There are many takeaways from the ASER 2019 but three have been summarised below.
We have improved in learning in Grade 5 but the lower primary assessment tool reveals that learning remains fragile at Grade 3 and even at Grade 8 where 82% and 14% children, respectively, are not competent in even Grade 2 minimum proficiency levels. The learning crisis persists and calls for urgent attention at the foundational levels ECE and Grades 1 and 2. We are a long way away from the promise of Article 25(A) and SDG 4!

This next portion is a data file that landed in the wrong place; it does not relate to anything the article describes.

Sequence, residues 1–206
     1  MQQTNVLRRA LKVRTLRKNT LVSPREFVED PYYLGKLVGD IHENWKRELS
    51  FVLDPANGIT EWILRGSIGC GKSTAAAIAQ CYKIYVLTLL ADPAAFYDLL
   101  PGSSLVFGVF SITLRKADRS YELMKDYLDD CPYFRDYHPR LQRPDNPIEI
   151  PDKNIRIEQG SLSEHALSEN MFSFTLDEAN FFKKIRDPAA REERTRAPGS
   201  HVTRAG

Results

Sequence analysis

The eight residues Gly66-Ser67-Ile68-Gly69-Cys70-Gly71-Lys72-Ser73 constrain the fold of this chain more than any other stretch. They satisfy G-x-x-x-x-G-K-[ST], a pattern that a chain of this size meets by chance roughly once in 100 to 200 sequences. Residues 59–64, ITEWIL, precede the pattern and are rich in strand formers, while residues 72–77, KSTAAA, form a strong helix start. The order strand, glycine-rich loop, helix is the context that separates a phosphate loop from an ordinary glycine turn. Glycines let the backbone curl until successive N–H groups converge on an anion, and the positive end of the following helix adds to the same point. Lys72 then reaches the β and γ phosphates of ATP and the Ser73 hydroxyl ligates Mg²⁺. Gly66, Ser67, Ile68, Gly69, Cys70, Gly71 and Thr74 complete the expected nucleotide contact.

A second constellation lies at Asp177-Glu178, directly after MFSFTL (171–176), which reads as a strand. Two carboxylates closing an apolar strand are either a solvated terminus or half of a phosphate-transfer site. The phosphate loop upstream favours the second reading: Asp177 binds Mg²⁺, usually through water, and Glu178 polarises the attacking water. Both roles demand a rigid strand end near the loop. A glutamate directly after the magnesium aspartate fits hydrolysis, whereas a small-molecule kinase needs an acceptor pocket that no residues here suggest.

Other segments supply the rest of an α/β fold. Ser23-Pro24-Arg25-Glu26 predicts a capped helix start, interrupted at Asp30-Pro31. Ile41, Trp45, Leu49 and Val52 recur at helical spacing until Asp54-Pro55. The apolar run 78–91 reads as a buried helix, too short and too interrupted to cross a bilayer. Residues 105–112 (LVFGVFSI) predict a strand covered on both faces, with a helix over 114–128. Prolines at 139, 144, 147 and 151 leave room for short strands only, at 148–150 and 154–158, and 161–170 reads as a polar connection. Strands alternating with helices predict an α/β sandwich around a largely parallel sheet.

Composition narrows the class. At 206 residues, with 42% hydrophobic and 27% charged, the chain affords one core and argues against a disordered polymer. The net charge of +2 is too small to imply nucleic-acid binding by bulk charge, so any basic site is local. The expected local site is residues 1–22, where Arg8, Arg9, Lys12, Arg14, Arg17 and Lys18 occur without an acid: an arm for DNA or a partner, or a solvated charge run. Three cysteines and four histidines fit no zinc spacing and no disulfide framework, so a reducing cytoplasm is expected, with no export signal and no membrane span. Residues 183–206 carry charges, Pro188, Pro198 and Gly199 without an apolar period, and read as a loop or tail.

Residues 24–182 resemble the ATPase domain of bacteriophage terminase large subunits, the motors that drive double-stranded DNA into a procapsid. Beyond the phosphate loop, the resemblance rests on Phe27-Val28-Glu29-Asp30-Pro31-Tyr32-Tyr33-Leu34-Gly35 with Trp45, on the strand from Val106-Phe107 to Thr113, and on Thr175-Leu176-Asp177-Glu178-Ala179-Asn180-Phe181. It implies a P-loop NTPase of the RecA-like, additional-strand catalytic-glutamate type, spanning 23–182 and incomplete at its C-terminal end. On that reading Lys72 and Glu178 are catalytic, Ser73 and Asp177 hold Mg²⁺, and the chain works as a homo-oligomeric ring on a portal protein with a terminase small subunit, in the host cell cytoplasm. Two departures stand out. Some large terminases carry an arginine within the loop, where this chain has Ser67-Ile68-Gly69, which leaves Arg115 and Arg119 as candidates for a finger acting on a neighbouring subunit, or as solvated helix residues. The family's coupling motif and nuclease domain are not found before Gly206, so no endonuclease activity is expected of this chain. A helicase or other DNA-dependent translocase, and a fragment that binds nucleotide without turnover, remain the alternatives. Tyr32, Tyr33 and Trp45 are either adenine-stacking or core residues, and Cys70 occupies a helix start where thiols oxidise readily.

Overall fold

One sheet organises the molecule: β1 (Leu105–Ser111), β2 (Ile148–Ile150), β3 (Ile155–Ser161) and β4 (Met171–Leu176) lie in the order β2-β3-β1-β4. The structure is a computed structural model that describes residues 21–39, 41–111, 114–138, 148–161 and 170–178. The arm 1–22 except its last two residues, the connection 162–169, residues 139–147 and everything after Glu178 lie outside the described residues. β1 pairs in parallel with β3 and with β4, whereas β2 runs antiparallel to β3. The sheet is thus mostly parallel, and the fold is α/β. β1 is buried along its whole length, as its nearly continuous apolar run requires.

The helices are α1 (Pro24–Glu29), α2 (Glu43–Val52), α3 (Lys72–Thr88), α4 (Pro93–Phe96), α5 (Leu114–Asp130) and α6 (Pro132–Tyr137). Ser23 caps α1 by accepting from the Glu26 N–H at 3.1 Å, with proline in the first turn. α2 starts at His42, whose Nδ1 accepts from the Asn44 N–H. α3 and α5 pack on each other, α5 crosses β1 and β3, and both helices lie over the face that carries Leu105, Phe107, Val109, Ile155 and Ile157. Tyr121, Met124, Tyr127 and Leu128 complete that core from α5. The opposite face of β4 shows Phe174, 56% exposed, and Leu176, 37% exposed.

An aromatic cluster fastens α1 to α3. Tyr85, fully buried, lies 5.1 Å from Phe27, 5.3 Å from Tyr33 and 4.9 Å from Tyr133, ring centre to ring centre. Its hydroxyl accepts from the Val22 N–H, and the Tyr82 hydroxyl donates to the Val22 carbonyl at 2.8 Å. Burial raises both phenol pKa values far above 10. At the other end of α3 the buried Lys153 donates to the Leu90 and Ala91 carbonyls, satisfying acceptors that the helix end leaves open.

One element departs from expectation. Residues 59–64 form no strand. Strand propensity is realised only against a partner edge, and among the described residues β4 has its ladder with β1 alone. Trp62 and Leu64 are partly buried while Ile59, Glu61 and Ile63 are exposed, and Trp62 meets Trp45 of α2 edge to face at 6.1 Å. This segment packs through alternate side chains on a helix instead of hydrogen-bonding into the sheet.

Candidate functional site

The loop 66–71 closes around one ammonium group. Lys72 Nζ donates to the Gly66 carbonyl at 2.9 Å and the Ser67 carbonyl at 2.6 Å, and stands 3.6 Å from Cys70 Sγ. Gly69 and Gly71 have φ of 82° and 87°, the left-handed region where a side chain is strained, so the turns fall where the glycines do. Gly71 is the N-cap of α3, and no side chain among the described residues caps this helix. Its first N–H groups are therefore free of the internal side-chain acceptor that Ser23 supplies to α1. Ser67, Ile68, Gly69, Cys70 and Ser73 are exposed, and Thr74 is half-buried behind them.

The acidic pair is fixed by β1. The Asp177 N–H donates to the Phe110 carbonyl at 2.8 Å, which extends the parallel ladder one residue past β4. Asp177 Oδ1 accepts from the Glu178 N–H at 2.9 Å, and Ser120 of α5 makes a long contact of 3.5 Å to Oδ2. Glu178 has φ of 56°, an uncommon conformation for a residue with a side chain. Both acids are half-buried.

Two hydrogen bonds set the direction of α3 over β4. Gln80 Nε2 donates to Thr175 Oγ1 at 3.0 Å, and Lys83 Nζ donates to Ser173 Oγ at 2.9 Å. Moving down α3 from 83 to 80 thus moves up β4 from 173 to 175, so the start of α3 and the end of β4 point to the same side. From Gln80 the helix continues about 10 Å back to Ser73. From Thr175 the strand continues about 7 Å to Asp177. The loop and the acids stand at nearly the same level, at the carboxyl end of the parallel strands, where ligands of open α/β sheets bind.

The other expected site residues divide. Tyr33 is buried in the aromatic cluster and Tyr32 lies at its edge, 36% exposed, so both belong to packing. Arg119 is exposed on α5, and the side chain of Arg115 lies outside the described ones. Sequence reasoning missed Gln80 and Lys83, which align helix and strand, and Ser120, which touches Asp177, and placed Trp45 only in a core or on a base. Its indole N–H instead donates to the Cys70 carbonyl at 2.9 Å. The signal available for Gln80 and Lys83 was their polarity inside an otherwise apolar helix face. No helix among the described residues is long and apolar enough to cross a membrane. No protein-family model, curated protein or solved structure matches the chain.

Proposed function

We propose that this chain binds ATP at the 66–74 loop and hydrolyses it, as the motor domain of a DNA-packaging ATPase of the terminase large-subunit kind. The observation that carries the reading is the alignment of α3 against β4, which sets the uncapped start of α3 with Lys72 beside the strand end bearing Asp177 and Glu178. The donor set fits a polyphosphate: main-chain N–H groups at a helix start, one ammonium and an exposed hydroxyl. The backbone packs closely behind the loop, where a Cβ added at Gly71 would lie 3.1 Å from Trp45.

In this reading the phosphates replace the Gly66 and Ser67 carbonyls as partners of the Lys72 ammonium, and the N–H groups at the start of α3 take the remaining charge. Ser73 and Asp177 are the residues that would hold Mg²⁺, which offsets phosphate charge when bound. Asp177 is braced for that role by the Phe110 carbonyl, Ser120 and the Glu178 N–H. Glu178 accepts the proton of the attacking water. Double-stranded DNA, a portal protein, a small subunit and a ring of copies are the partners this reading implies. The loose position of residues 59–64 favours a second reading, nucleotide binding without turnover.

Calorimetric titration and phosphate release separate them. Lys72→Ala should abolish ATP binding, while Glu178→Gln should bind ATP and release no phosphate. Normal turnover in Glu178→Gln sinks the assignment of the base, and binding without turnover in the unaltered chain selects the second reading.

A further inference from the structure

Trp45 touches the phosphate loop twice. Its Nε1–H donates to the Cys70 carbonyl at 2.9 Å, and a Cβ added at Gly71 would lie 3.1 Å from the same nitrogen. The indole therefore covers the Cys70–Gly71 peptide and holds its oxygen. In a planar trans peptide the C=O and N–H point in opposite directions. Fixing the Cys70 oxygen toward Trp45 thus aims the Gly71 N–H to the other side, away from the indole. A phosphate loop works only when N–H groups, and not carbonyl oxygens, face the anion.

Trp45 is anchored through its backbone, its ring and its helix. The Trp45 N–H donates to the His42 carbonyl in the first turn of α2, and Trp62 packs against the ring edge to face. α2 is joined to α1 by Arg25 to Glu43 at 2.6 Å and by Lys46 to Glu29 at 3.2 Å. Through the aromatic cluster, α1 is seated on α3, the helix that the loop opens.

There is a clear shift in enrolment from private to public schools. This shows that when the government persists with positive interventions in facilities and better teacher recruitment and presence, there are positive gains in public choices. We must continue walking this pathway with continued political and administrative will.
Investing in the education of girls and that of young mothers is critical in Pakistan to not only reduce gender gaps for gender equality, but for investing right for generational gains in learning and livelihoods. Girls can fly high in any discipline; they just need to be given a chance.